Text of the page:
The Pearl Button
Directed by Patricio Guzmán
HOME, 12 March 2016
It is an eclectic, electrifying mix.
The film looks at the origin of water and therefore the origin of all life on earth (not just human life); the fate of the Tierra del Fuego (Land of Fire) people, in particular the Selk’nam and Yamana, whose ethnography was studied by the German-Austrian priest Martin Gusinde (his photographs appear in the film); and finally the fight for justice by relatives of ‘the disappeared’, the political prisoners murdered during General Pinochet’s reign. For some little while you wonder whether these seemingly diverse themes will hang together; they do, triumphantly.
Nick Flynn wrote a poem some years ago about the death of a person he loved. In the poem he wonders whether there might be a heaven, a place of redemption, where they might meet again. There is an allusion to the scientific search for ether, a search that Einstein put the scuppers on soon enough: ether cannot be found, he pointed out, because it does not exist.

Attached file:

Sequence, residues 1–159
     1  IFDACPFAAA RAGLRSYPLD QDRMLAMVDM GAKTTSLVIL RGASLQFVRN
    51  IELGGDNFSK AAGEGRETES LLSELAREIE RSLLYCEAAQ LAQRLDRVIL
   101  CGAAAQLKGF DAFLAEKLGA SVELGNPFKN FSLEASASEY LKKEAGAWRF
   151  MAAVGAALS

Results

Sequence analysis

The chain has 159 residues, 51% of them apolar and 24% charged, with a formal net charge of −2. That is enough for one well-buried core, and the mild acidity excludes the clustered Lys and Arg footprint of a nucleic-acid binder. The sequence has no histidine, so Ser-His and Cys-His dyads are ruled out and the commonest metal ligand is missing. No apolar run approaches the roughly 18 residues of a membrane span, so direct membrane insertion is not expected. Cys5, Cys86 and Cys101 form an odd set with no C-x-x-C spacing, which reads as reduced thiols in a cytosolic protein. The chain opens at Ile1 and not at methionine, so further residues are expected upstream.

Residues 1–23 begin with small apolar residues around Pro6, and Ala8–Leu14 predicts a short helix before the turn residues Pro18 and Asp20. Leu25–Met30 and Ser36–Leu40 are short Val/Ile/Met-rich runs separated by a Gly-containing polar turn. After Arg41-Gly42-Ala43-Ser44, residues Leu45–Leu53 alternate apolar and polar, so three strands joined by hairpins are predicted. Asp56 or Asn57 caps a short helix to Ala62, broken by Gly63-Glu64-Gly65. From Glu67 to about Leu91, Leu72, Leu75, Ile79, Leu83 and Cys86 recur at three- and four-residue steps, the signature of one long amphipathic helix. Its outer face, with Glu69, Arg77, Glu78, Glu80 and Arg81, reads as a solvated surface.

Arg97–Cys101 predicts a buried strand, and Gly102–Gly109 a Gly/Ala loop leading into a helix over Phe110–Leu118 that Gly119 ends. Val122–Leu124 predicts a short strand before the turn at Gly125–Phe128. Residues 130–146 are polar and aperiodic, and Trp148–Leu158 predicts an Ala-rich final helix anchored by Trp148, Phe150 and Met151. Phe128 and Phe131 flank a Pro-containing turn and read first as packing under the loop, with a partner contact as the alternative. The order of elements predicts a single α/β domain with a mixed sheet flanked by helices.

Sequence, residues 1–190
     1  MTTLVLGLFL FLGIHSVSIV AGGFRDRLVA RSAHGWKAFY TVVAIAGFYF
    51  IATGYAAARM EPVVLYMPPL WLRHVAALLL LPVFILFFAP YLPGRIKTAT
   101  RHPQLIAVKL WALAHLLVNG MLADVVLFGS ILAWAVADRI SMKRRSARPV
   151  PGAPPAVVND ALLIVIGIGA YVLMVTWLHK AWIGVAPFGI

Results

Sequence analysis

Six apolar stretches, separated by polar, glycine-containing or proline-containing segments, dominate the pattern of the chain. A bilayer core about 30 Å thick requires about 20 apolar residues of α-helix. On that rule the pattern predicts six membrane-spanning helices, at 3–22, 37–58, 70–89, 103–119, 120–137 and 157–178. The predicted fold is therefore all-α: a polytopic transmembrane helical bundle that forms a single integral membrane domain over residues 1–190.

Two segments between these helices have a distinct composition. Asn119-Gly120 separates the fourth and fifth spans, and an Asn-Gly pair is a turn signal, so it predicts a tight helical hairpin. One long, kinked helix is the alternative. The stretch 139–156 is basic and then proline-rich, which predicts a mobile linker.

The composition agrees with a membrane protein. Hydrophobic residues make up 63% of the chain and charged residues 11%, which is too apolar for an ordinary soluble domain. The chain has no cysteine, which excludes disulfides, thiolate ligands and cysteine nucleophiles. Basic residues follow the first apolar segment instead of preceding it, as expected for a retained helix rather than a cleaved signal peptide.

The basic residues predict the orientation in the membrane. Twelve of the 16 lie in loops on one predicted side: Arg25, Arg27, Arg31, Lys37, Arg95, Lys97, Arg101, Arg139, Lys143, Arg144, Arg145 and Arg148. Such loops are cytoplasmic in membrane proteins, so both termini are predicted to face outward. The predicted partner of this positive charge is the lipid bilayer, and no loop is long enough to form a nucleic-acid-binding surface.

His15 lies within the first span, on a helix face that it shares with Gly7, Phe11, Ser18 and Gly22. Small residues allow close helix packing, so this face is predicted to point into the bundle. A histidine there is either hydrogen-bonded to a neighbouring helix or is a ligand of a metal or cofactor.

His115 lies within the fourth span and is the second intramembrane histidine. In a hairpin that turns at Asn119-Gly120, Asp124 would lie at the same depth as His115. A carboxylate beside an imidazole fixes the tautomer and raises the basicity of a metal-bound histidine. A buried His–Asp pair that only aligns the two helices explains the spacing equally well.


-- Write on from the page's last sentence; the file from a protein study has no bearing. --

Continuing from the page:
Flynn’s bleak and beautiful poem relates to The Pearl Button in this way: Patricio Guzmán has found a kind of heaven, he can point to a quasar that holds infinitely more water, and therefore potential for life, than all of the oceans of the earth. It is a scientific fact and a source of hope, a small something to hold on to. An image, at least, with which to confront evil.
Here is an article about the quasar.
Patricio Guzmán has made a very fine film.